Monday, August 11, 2003

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So you want to run for governor..

Mickey Kaus is covering just about every possible angle in the California recall election, but here's a question from reader E.J. that hasn't been answered directly:

Can you help me to understand what possible motivation is there for the 95th percentile of candidates to be involved in this race when there is such a field of heavy-weights arrayed for battle?

Even the likes of Bill Simon and Peter Ueberroth – what, outside of ego-massage, can these guys possibly get out of running in this race? Where is the practical pay-back considering the expense and their long-shot odds? Is it dues-paying for the future? Potential influence garnered from relative performance?

OK, as a political scientist, I should be able to answer this question. And the answer is, there are multiple answers. In no particular order:

1) The barriers to entry are low. In modern American politics, the barriers to becoming a candidate are daunting. There signatures to collect in order to get on the ballot, party primaries to win, money to raise, and a lengthy campaign season.

Contrast this with the California recall election. Getting on the ballot required only some paperwork, "65 validated voters' signatures and a $3,500 check" according to USA Today. There are only sixty days to the election. There are no annoying party primaries. Why, it would be stupid not to run!!

2) The barriers to winning are also low. Because of the plethora of candidates, many of which are trying to cater to the same voting demographics, it is highly unlikely that the winner will command a majority. True, at the moment, Schwarzenegger holds an early lead in opinion polls. If, however, his balloon were to burst, then the winner might only need 25% of the vote.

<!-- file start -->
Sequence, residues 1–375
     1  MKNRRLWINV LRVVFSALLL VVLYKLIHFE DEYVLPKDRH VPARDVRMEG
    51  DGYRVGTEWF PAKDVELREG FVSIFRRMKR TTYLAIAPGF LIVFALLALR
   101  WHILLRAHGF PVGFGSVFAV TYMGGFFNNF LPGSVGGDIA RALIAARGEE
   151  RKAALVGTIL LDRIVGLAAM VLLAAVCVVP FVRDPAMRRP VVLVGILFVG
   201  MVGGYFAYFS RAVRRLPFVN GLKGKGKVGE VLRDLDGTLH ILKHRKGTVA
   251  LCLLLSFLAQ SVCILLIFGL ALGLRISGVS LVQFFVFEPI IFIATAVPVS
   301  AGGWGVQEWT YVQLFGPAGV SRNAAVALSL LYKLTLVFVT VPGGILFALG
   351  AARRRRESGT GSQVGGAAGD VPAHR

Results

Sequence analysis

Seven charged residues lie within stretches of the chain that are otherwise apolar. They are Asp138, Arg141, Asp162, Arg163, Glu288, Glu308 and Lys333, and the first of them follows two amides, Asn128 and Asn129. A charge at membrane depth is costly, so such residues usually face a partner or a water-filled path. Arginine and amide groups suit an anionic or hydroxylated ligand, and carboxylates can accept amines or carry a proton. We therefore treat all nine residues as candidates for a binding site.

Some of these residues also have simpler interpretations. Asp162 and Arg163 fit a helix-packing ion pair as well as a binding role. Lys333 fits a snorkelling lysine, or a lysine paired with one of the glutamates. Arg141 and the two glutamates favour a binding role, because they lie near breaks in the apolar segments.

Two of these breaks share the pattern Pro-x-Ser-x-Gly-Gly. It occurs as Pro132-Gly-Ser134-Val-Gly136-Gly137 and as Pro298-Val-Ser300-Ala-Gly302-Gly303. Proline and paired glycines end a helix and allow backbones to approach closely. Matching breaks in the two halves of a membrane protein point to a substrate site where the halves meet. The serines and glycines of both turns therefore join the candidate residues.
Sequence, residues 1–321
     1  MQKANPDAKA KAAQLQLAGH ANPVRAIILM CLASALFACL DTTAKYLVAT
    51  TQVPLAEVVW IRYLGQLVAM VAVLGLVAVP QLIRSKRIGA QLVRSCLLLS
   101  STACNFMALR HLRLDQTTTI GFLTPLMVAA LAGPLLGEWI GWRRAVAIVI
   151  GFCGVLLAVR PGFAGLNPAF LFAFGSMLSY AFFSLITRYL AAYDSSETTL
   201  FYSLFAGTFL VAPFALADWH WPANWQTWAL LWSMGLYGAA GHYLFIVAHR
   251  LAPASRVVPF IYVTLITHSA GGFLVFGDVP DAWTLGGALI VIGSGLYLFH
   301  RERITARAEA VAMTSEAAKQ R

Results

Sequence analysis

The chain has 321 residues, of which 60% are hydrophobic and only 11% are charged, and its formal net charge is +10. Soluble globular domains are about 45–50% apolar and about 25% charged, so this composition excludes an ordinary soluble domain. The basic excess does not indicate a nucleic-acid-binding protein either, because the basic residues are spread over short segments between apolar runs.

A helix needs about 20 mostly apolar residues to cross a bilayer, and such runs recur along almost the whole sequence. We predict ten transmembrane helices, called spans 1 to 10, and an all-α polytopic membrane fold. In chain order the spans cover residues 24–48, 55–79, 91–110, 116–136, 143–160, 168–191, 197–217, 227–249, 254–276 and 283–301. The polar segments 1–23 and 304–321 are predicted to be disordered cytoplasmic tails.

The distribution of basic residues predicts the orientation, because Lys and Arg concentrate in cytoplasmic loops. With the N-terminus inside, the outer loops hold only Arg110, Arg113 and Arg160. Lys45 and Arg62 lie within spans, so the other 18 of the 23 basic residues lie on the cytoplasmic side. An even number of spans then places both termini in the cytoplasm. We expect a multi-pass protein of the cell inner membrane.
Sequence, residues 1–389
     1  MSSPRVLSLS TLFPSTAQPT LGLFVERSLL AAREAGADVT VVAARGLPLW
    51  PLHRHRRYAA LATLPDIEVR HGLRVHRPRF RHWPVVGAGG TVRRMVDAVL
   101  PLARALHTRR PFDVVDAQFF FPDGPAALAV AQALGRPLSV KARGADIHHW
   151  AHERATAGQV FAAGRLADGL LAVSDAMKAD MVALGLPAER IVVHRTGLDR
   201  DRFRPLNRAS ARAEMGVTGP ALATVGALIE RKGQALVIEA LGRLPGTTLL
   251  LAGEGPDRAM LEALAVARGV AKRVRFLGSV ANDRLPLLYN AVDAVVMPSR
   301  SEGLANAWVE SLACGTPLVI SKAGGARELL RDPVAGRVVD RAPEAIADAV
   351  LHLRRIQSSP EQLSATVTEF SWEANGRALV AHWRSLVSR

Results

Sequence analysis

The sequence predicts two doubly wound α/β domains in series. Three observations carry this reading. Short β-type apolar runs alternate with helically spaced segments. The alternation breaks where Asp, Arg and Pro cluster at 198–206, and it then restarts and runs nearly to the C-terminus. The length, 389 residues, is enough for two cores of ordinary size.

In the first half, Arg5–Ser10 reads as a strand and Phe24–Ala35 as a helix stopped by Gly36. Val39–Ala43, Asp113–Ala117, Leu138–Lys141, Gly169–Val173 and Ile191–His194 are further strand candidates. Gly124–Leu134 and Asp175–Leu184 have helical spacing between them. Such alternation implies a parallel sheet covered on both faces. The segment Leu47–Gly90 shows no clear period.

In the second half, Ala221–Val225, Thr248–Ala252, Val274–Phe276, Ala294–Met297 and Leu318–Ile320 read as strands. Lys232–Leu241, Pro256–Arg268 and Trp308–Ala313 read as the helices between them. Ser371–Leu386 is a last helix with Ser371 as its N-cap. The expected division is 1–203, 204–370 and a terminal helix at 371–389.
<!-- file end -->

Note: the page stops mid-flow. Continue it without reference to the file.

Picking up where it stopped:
3) Publicity. California founded the celebrity culture, and as publicity stunts go, running for governor is on the cheap and easy side of the spectrum. Running for governor is a way to get or keep one's name in the news.

It works, too. When was the last time you thought about Gary Coleman? Think about this from Coleman's point of view -- what's the more dignified route to jumpstart a career, running for governor or celebrity boxing?

4) Horse-trading. Because the threshhold for winning is lower, any candidate that attacts a loyal cadre of voters equivalent to a few percentage points in the polls might be willing to throw his/her support to a major candidate in return for something, be it policy or patronage. This is how it works in parliamentary democracies in which there is a low minimum level for winning a seat, i.e., Israel. Expect to see this in California around late September.

Think about it -- two months of politicking in return for a plum job or a coveted policy shift? Not a bad rate of return in politics.

5) You could win. Jesse Ventura was not considered a serious candidate when he ran. Howard Dean was mocked when he decided to launch his bid for the presidency. You never know when lightning strikes.

posted by Dan on 08.11.03 at 11:55 AM


But when it gets nasty, will it be because the stakes are so small?

posted by: Stephen Karlson on 08.11.03 at 11:55 AM [permalink]

I just wanted to get a little more specific about the first point, not being a political scientist. I imagine lots of people are running simply for the fun of it, and to look back and say they ran for governor in the future. I'd be tempted to do so myself.

posted by: Justin McAleer on 08.11.03 at 11:55 AM [permalink]

PLEASE CAN YOU TELL ME, what is the age limit for running for governor, because im gonna run but im not 18 yet what is the age limit. OHH AND I know i wont win but I still wanna run, just for FUN! PLEASE EMAIL ME BACK

posted by: Lindsey on 08.11.03 at 11:55 AM [permalink]

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